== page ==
Communities Count Survey (2004, 2007, 2011):  Respondents came from a random sample of all King County households.  Due to the limitations of surveys that rely exclusively on landline telephones, Communities Count used a mixed-mode survey involving both random-digit-dial phone contact and address-based sampling for mailed questionnaires, with an internet response option as well. Phone interviews were conducted in English, Spanish, and, upon request, a few additional languages. Possible limitations of this kind of survey include: (a) people who do not have a telephone or a permanent address are missed; (b) people who do not speak English or Spanish may not participate; (c) people who have less education and lower incomes tend to be under-represented.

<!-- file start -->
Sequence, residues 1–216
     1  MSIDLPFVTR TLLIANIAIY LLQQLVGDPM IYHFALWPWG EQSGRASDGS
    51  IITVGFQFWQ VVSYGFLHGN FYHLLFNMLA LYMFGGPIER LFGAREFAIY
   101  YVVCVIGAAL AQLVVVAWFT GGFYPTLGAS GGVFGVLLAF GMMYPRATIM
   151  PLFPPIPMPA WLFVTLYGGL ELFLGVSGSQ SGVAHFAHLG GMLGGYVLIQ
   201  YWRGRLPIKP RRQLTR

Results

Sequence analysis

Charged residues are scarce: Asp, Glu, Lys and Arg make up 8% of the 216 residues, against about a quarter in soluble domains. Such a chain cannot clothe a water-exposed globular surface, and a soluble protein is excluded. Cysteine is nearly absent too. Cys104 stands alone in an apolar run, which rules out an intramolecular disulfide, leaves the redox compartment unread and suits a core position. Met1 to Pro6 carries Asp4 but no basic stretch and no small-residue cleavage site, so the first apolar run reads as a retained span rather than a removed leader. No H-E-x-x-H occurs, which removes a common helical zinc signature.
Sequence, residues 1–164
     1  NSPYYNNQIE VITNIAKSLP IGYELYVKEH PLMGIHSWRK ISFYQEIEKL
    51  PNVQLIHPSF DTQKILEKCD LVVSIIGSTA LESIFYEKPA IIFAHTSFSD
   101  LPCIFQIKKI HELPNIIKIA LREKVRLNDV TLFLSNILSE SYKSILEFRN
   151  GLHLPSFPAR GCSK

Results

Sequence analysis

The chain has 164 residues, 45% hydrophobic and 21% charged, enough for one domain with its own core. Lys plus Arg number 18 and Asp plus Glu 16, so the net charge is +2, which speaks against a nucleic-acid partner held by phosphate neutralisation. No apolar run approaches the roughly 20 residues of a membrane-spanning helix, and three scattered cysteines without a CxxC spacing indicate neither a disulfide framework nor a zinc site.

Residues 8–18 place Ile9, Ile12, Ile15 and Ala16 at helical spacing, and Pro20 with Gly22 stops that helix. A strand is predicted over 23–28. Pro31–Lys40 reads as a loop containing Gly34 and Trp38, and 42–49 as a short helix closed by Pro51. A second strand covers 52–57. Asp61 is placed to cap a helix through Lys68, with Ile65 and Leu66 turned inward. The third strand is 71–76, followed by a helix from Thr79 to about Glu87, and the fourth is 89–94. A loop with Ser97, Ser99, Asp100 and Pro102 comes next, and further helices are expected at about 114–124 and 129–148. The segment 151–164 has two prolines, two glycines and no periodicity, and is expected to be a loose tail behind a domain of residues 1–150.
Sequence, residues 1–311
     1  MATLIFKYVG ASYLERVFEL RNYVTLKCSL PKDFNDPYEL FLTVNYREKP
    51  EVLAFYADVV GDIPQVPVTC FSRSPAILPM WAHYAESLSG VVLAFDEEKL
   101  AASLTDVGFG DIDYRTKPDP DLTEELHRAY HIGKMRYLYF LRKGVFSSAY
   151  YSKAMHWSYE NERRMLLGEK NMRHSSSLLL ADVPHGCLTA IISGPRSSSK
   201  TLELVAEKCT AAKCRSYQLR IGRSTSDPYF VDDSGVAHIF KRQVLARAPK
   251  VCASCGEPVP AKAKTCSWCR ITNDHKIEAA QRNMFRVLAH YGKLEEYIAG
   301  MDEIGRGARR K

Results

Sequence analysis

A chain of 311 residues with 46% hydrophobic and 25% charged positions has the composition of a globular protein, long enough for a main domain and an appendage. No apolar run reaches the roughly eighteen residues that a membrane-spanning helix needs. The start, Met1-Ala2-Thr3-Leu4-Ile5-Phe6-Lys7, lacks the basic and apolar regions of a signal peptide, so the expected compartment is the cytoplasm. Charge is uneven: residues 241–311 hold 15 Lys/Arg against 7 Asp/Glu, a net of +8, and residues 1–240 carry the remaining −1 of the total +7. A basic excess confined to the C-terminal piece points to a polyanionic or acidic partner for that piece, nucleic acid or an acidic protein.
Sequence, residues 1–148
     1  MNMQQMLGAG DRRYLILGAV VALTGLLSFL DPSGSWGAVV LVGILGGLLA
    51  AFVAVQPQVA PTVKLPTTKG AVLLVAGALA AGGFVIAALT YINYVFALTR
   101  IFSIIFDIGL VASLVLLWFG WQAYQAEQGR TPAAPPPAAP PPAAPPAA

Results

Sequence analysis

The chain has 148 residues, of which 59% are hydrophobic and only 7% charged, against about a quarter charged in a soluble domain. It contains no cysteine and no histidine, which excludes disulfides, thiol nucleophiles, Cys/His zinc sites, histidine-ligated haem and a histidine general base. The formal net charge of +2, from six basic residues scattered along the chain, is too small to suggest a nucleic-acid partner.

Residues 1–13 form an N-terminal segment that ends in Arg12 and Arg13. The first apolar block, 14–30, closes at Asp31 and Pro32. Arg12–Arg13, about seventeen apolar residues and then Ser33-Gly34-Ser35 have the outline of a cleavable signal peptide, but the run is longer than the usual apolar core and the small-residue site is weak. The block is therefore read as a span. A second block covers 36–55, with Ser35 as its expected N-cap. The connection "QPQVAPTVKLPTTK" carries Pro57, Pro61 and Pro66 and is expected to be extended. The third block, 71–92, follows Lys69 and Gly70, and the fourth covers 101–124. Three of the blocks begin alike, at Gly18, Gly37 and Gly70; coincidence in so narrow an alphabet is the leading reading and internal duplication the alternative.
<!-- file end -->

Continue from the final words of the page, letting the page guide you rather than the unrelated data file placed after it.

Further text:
Other Sources

Maps of King County covering a wide range of topics can be accessed at  Maps most immediately relevant to Communities Count are under the headings of Community data & demographics, Public health, and Environment & natural resources, but other maps should be useful as well (farmers markets, transit routes, walking and biking routes, parks, traffic counts, etc.).

Quotes:  Communities Count interviewed 32 King County parents or guardians raising at least one child younger than 6 years of age.  We reached out to communities of color, recent immigrants, and residents with limited English proficiency to achieve a broad range of racial, cultural, and socioeconomic diversity. We interviewed both families with very low household income and those who earned up to median income (about $68,000 for a family of four in 2010). Family structures included single-parent households, couples living in consensual unions, married couples, and extended families.